The First American President To Be Assassinated

Anyone in a position of power will inevitably make some people happy, others angry, and for some troubled individuals, make themselves the target of violent inclinations, for no other reason than status and fame, or to settle a political score. According to Guinness World Records, the first known attempt on the life of a political leader was against Amenemhat I, an Egyptian Pharaoh of the Middle Kingdom in the year 2000 B.C. And it was less than a century after the founding of the United States that a successful attempt was made on the life of an American president.

This, however, was not the first time a president's life had been threatened by an assassin's bullet. In 1835, President Andrew Jackson narrowly escaped with his life when a gun fired by Richard Lawrence misfired, per History. Examining the tragic story of the first American president die at the hands of an assassin, though, proves that on that fateful day, the United States lost not only one of its greatest presidents, the outcome could have been much, much worse if the assassin's wider plot had gone as planned.

Abraham Lincoln was to be only one of three leaders killed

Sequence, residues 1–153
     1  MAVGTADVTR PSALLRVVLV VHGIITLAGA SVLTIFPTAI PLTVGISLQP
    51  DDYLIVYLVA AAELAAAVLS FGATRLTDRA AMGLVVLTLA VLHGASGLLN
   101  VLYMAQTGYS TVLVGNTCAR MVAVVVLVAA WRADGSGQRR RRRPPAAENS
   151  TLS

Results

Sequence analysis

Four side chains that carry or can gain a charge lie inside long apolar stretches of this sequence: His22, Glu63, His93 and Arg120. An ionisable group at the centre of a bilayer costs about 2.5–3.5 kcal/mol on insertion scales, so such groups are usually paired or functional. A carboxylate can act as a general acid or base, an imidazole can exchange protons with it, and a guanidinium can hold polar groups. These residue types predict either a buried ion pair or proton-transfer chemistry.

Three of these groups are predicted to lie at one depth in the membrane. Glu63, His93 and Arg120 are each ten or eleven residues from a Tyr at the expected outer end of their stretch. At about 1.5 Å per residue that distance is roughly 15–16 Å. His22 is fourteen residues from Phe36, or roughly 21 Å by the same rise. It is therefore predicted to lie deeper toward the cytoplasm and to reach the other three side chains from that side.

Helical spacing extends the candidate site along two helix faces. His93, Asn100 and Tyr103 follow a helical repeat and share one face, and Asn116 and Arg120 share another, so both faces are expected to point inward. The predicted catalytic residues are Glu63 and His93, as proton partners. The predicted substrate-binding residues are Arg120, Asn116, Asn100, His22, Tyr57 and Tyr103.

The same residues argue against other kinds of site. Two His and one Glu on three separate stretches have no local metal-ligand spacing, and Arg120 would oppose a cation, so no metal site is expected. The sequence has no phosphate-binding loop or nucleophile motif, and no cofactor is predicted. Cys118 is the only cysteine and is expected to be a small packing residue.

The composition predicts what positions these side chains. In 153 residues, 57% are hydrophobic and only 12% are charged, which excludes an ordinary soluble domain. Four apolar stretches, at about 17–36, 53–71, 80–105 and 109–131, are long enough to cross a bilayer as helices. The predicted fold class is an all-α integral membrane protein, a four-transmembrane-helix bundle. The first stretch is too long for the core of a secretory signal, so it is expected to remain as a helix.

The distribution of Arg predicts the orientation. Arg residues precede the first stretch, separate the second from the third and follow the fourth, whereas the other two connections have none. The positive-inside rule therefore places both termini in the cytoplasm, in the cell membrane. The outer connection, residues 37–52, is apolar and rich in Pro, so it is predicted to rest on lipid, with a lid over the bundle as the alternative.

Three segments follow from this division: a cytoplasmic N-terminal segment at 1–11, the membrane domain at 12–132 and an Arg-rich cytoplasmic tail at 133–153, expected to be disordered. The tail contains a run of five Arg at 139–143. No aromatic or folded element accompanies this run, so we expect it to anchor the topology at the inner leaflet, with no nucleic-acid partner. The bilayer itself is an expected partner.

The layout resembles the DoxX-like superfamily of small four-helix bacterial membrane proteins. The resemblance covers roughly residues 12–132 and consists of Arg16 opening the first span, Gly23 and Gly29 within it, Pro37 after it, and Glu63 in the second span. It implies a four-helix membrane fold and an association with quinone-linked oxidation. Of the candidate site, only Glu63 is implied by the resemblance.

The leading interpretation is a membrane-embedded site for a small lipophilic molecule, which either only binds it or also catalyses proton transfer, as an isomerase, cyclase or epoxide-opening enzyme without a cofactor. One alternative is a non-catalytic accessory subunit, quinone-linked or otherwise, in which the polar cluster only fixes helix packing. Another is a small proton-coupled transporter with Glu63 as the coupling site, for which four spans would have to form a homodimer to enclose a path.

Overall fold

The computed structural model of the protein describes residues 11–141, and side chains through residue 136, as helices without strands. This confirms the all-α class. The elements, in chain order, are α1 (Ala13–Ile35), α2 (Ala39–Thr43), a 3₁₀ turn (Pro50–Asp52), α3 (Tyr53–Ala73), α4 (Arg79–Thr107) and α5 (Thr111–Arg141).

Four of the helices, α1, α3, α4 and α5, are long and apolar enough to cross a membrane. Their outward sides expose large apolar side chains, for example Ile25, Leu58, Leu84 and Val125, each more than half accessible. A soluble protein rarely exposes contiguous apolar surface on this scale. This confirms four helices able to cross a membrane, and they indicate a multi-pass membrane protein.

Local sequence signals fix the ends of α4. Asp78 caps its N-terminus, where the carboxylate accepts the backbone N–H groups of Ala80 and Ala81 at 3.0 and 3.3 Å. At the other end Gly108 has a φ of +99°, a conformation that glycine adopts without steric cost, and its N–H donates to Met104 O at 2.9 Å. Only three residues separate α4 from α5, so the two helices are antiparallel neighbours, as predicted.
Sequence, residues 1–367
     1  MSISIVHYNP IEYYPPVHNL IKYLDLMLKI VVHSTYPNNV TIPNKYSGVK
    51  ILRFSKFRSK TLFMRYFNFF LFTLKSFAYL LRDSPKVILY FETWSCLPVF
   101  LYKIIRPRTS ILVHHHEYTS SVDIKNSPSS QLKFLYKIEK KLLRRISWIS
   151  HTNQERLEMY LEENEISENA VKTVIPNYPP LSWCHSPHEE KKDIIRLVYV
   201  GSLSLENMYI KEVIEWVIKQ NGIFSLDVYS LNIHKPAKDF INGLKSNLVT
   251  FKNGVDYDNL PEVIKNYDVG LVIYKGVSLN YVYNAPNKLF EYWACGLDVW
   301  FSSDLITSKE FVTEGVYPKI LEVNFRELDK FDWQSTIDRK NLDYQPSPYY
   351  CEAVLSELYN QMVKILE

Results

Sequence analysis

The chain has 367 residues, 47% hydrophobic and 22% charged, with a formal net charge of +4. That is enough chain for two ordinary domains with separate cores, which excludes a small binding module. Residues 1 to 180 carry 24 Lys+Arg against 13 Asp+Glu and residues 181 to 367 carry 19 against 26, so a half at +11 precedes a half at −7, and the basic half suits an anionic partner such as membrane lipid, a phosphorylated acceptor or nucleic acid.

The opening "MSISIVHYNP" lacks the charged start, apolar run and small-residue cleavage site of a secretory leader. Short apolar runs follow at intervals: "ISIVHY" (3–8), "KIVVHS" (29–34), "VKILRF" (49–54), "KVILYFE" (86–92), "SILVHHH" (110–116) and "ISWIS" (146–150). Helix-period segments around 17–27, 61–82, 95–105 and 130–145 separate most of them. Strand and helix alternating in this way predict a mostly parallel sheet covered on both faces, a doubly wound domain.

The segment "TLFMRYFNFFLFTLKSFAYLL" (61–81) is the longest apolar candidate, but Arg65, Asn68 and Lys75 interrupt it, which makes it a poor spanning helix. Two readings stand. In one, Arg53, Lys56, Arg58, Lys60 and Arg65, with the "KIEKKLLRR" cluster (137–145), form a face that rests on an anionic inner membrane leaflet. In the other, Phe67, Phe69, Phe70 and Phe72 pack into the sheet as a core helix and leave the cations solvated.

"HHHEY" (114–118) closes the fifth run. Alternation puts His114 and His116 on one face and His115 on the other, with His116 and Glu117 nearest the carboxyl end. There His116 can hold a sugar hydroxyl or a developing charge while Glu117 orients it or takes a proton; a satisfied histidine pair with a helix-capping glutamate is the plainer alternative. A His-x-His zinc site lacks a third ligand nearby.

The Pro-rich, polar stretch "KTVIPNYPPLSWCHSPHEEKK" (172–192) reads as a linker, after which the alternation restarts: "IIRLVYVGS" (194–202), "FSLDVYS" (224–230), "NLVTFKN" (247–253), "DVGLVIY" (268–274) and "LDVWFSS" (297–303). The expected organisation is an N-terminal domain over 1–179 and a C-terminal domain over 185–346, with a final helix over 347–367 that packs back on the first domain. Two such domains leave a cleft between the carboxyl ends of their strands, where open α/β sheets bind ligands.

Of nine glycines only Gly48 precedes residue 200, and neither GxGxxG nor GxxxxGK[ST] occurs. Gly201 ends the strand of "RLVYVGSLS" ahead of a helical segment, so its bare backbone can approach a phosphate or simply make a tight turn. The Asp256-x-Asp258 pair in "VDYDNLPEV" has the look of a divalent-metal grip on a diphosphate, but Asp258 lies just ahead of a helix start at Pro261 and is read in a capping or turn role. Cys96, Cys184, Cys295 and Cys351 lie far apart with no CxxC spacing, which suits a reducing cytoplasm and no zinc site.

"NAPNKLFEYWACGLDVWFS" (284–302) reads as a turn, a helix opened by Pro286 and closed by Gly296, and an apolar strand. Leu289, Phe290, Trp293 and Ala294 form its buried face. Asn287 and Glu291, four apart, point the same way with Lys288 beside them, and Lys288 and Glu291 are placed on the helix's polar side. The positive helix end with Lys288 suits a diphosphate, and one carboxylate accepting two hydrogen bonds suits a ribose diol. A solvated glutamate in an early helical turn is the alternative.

According to History, it was early the next morning on April 15, 1865 when President Abraham Lincoln succumbed to the bullet wound from the derringer of John Wilkes Booth. The previous night, Lincoln attended a performance of "Our American Cousin" at Ford's Theater in Washington D.C. when Booth struck. Booth's motive was to take down the president as a means of reviving the Confederate cause, according to Teaching History. After shooting Lincoln, Booth jumped from the box in which the president was sitting, breaking his leg in the fall, shouting "Sic semper tyrannis!" — Latin for "Thus always to tyrants."

If Booth and his co-conspirators' plot had gone according to plan, however, Lincoln would have been only one American leader to die that night. Also targeted by the assassins were Secretary of State William H. Seward and Lincoln's Vice President, Andrew Johnson. With all three out of the way, the federal government's succession of power would be thrown into chaos, creating an opening for the recently defeated Confederate cause to reignite.

Would-be assassin George A. Atzerodt's target was Johnson, but he couldn't follow through on the act. Seward's attacker, Lewis Powell, did seriously wound the Secretary State, as well as three other members of Seward's household, but everyone survived. If the true succession of power had been thwarted in 1865, who knows what state the Union might be in today.